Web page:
Ollie Spencer

Oliver "Ollie" Spencer (April 17, 1931 – April 28, 1991) was a National Football League (NFL) tackle and assistant coach. He played eight seasons in the NFL, with the Detroit Lions (1953 and 1956), the Green Bay Packers (1957 and 1958), the Detroit Lions again (1959, 1960 and 1961), and the Oakland Raiders (1963). Later. he was an assistant coach for the Raiders for seventeen seasons.

He died on April 28, 1991, of a heart attack.

Ollie Spencer
Position:Tackle
Personal information
Born:April 17, 1931
Hopewell, Kansas
Died:April 28, 1991 (aged 60)
Danville, California
Career information
College:Kansas
NFL Draft:1953 / Round: 6 / Pick: 73
Career history
Career highlights and awards

See also

External links

1951 College Football All-America Team

The 1951 College Football All-America team is composed of college football players who were selected as All-Americans by various organizations and writers that chose College Football All-America Teams in 1951. The eight selectors recognized by the NCAA as "official" for the 1951 season are (1) the All-American Board (AAB), (2) the American Football Coaches Association (AFCA, (3) the Associated Press (AP), (4) the Football Writers Association of America (FWAA), (5) the International News Service (INS), (6) the Newspaper Enterprise Association (NEA), (7) the Sporting News and (8) the United Press (UP).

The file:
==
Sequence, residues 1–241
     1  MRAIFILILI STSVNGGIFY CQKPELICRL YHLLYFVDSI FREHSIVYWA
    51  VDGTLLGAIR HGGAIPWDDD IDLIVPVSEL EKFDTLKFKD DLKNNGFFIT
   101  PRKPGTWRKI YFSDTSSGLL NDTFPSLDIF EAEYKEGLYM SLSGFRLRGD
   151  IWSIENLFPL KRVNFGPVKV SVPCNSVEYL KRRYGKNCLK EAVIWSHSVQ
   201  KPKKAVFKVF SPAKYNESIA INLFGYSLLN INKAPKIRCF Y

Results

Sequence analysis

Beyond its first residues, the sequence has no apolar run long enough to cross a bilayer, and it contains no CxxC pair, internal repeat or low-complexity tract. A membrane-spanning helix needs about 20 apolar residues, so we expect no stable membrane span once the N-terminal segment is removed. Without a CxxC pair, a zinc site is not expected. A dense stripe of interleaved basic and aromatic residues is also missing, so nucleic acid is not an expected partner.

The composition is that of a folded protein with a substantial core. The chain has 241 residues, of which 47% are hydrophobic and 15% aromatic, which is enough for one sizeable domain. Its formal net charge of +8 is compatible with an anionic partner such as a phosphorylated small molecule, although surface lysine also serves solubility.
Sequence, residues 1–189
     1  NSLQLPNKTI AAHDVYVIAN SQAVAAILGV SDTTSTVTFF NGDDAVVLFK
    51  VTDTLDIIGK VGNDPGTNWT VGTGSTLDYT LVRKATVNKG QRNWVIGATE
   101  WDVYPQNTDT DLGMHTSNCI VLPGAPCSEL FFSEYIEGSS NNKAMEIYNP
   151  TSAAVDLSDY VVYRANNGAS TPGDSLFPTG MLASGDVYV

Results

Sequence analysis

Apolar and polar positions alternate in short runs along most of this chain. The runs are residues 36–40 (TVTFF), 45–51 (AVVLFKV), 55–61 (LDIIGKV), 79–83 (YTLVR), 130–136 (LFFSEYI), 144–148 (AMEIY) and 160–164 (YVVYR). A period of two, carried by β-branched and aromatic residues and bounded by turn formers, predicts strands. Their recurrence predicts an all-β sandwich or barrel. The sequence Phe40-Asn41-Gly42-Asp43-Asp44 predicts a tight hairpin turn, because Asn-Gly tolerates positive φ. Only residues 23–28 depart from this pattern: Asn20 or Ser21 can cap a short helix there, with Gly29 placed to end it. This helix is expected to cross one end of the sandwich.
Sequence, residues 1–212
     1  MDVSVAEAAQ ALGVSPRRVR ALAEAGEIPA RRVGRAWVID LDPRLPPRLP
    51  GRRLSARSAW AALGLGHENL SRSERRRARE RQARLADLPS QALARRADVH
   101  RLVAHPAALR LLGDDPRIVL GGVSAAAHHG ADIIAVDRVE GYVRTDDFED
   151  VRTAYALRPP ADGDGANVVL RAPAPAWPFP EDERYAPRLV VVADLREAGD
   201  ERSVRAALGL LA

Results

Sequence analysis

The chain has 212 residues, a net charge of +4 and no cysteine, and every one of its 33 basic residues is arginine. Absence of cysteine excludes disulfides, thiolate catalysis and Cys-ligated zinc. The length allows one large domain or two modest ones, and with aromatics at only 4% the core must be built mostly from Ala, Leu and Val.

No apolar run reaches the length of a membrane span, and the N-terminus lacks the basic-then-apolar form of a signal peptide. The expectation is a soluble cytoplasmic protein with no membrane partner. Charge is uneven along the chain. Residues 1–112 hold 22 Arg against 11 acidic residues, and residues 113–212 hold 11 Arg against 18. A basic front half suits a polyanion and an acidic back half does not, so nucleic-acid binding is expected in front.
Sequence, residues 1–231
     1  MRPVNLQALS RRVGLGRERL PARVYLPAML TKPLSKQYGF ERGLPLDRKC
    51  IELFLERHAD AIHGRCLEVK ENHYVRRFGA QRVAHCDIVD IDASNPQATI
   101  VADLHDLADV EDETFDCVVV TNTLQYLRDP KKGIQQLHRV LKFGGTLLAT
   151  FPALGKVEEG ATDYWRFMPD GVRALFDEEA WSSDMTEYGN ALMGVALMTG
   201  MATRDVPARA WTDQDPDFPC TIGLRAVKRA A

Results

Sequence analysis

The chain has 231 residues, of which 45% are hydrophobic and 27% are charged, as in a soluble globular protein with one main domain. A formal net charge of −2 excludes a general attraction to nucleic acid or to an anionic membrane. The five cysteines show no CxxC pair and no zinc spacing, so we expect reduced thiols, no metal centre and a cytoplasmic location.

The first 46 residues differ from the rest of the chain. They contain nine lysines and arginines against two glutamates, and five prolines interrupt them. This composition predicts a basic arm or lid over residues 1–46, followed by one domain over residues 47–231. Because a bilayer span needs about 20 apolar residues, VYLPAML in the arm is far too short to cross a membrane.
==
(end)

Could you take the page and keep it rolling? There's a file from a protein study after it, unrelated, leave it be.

1953 NFL Draft

The 1953 National Football League Draft was held on January 22, 1953, at Bellevue-Stratford Hotel in Philadelphia.

1957 Green Bay Packers season

The 1957 Green Bay Packers season was their 39th season overall and their 37th season in the National Football League. After an opening win, the club posted a 3–9 record under fourth-year head coach Lisle Blackbourn and finished last in the Western Conference. It was Blackbourn's final season at Green Bay, who was replaced by Ray McLean in January 1958 for just one year, succeeded by Vince Lombardi in 1959.